Thursday, 27 June 2013

Labour unclear on welfare..

BREAKING NEWS: This morning has been dominated by reaction to the Comprehensive Spending Review. On the Today programme, Ed Balls was unable to say whether or not Labour supported the mandatory seven-day wait before people can claim benefits, saying it was too early to tell whether the move would have positive effects and save money. 
George Osborne has just been speaking on Today about the CSR: "This is not an election pitch – this is about moving the economy from rescue to recovery." He rejected the claim that the Conservatives were unconcerned with the plight of the poorest: "We have gone out of our way… to protect those who are most vulnerable, to make sure this is evenly-spread."
Good morning. Danny Alexander takes the stage today to unveil the £100bn infrastructure bonanza that the Coalition hopes will be one of the highlights of the spending review. The good news is that the British Geological Survey's well-trailed report on Britain's bumper supplies of shale gas is published this morning - what a remarkable coincidence. The bad news is that HS2 is going to cost another £8 billion; and the truth is that capital spending isn't budging much, so a lot of this may be necessary, but it's window dressing: the benefits, economic and political, will be for others.
The Chief Secretary is widely feted as one of the government's heroes. The word in Whitehall is that he has consistently impressed with his thoughtfulness and his capacity to mix collegiality with steeliness. Aprofile in the FT (£) this week had an official describing him as "the perfect chief secretary", which could be read in a number of ways; others say he is a Lib Dem Thomas Cromwell and de facto Tory. Today, expect lots of micro detail on roadworks, a new pricing and regulation system for energy extraction, support for HS2 and another push for nuclear. The fear is that it will all sound worthy, and tiresomely familiar.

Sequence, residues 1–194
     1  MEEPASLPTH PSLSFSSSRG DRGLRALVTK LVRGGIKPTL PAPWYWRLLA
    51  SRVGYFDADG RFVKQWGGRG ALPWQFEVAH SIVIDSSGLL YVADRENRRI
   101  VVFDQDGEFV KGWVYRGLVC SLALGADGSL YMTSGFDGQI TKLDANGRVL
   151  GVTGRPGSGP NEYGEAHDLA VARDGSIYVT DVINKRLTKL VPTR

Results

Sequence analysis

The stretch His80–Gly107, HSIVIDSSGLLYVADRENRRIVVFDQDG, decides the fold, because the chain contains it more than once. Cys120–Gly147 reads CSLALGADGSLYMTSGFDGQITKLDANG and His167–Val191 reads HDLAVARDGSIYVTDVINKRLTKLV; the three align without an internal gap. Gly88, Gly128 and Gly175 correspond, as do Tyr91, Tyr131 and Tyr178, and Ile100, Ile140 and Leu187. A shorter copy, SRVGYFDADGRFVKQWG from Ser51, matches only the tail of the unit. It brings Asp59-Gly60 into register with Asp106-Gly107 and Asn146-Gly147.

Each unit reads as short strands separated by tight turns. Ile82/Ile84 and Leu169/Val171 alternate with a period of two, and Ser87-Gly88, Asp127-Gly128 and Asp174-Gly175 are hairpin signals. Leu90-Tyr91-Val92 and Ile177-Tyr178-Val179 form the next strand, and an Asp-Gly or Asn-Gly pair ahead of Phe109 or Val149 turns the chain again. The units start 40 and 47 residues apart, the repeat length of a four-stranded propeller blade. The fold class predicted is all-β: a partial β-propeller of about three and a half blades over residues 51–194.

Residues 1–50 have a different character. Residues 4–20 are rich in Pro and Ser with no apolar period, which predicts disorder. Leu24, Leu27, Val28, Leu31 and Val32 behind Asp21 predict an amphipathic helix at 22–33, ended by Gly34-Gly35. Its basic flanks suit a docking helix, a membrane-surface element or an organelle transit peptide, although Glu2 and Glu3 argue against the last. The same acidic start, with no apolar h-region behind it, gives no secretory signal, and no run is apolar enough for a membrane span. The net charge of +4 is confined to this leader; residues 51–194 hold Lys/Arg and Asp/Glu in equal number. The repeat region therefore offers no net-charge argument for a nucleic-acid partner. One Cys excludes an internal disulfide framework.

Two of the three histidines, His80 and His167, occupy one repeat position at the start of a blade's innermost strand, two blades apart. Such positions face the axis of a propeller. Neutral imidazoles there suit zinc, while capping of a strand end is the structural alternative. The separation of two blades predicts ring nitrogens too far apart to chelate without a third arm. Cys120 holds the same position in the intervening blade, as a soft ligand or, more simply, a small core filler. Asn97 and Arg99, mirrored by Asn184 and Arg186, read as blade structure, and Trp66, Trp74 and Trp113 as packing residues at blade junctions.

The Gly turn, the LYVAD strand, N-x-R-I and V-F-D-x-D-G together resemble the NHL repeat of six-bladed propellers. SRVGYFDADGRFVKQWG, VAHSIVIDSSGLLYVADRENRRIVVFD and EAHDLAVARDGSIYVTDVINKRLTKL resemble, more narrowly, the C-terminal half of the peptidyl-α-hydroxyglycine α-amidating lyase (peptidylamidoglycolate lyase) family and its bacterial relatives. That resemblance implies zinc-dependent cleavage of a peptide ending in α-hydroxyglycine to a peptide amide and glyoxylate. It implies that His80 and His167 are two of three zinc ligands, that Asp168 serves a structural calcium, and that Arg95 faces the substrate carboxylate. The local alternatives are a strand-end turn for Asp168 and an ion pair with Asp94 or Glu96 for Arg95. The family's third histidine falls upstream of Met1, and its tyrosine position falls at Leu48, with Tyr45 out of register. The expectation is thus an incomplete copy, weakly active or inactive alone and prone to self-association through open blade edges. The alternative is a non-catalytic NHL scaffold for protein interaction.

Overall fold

For a look at the exact effects of the Comprehensive Spending Review on each department, check out our interactive graphic
George Osborne will see the newspaper reaction this morning and think: it could have been a lot worse. Infact (barring the "Shamburger" splash in The Sun) he will be pretty pleased. We splash with "Osborne wields welfare axe" and the news that foreigners claiming benefits will be forced to attend English classes or they will lose the right to state support, a focus shared by the Mail and the Times. To The Guardian, it was a case of "The cuts that keep on coming". The FT's focus is on the £8.1 billion overspend on HS2, while The Independent brand the welfare changes "The Wonga coup".   
We reaffirm the sobering truth that "Mr Osborne’s package will do nothing to dent the country’s indebtedness: by the end of this parliament, overall public spending will still be 44 per cent of GDP. The big decisions about how we live within our means, and the most brutal cuts, have been put off until after the next election." Nevertheless, debate over state spending "is no longer being conducted on Labour’s terms." The Mail are unusually complimentary, depicting Mr Osborne as "the laddie's not for turning". To The Times (£), yesterday was a reminder of the need to unpick the "triple lock" on pensioners, but they warn that "Bigger, bolder and essential reforms have been delayed until the next Parliament." The Guardian fear that "growth is likely to come from the housing market and rising personal debt. The future, in other words, will look a lot like the bad old past." And the FT (£) lament that "the government has been far too timid in reversing the excessive cuts in public investment that it inherited from the previous government. Yesterday’s statement did too little to change that."